The Weald is what remains of what was once deep forests that extended between the North and South Downs and the term 'Weald' is an Old English word meaning 'forest' or 'woodland'. The Weald consists of: two main parts: The High Weald and the Low Weald. The High Weald is the central part and runs from St. Leonard's Forest eastwards to Ashdown Forest. It traverses both West and East Sussex. In the Middle Ages this deeply forested region of Britain was a huge area where charcoal was made to fire the furnaces of the great Sussex iron industry which reached its peak in the early 17th century. The forest ponds, which were dammed to drive the forge hammers are still a distinctive part of the Sussex scenery. Today much of the forest has gone and it is now a countryside of rolling hills, stony outcrops, streams, ravines, heathland, woodland, scattered farmsteads, villages and larger towns. The forest is split up into separate patches of thick woodland in which are the sources of many rivers including the Ouse, the Arun and the Rother. Ashdown Forest at 6,500 acres, is the largest of these tracts of wild heath, moor land, rocky outcrops and woodland. Originally it was a deer hunting forest laid out in Norman times but now is the largest public open space in South East England and is at the heart of the High Weald Area of Outstanding Natural Beauty. In the centre of Ashdown Forest is the home of Winnie the Pooh and Christopher Robin. A.A. Milne, who lived in the village of Hartfield, used his own childhood environment to create this charming worldwide children's literary character. From East Grinstead, a maze of minor roads run southwards through the forest with plenty of lay-bys and sign-posted picnic places. Many of the forest hamlets take their names from the old 'hatches' or gates to the forest; namely, Coleman's Hatch and Plawhatch. Names such as Hartfield, Boarshead and Buckhurst recall the game which was hunted when this was a royal forest, and the trees and bushes are remembered in such names as Ashurst, Bramblehurst, Bestbeech, Birchgrove and Oakleigh. Other patches of the primeval woodlands survive further west in the forests of St. Leonard's, Balcombe, Tilgate and Worth. These were once notorious haunts of smugglers, highwaymen and cattle thieves. Even today, especially in winter, they can be lonely, eerie places to walk through - but walking is the best way to see and to sense their wild beauty. The Low Weald, on the other hand, is on the periphery of The Weald and is flatter, less wooded than The High Weald and not as dramatic in character. Close to the Surrey border is the highest point of The Weald: Black Down which reaches a summit of approximately 1,000 feet. Between the Weald and The South Downs of West Sussex is the low undulating land of the 'Vale of Sussex' whereas at the eastern end of the county is the valley of the River Rother, which flows into the county of Kent to empty into the sea at Rye Bay. During Roman times the huge Wealden forest was known as Anderida and stretched for 120 miles in a broad swathe across south-east England. Sussex, then, is a diverse county, shaped by the sea, the Weald, ancient forests and The South Downs. It is well known for its stately homes and castles and over half the county is protected countryside. The county still retains a strong local identity with an unofficial anthem, 'Sussex by the Sea' and a motto ' We wunt be druv' which reflects the strong willed nature of its past inhabitants.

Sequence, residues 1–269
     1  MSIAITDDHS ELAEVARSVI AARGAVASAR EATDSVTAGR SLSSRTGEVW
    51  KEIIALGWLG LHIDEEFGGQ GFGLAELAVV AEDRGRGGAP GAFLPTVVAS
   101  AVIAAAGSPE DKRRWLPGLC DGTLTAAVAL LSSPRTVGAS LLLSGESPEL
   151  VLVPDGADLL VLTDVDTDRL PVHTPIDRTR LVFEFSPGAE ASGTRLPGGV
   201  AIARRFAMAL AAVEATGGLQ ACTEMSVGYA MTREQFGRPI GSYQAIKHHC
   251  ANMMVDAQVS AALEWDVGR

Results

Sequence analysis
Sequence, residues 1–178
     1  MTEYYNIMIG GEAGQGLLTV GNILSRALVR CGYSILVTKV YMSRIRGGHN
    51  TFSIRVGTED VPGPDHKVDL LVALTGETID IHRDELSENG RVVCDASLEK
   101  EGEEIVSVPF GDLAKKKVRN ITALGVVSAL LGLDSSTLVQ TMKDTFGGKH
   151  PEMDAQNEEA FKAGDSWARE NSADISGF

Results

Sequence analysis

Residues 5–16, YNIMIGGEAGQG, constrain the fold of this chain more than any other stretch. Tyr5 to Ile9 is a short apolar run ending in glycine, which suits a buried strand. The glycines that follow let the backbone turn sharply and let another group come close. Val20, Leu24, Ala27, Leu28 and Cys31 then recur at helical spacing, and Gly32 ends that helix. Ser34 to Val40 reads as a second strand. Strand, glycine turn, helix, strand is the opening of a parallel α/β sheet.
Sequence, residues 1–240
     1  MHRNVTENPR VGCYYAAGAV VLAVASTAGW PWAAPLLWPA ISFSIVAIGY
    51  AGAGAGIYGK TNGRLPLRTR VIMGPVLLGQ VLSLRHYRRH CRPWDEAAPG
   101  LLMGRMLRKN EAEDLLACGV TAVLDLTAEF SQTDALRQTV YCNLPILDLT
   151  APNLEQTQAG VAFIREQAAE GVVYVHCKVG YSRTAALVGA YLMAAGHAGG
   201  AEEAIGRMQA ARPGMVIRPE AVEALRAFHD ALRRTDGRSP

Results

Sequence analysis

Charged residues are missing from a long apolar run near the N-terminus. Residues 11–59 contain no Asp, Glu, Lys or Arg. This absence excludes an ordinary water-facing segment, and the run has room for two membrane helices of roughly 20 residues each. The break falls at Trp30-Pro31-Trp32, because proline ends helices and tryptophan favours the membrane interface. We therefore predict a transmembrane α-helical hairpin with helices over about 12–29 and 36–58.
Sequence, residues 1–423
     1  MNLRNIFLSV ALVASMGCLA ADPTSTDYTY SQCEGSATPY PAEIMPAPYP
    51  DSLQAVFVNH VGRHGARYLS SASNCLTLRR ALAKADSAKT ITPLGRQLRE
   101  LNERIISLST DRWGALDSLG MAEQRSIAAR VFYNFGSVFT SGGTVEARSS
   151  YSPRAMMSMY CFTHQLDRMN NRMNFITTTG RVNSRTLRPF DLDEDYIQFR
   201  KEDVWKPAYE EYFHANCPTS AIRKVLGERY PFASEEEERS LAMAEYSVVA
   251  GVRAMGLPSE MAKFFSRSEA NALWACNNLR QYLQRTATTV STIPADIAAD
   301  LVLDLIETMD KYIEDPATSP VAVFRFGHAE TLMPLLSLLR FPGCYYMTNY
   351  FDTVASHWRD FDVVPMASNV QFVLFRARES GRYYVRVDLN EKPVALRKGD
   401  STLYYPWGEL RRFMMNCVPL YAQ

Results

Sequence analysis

MAP OF SUSSEX
|Copyright www.sussex-map.co.uk 2011 | Privacy|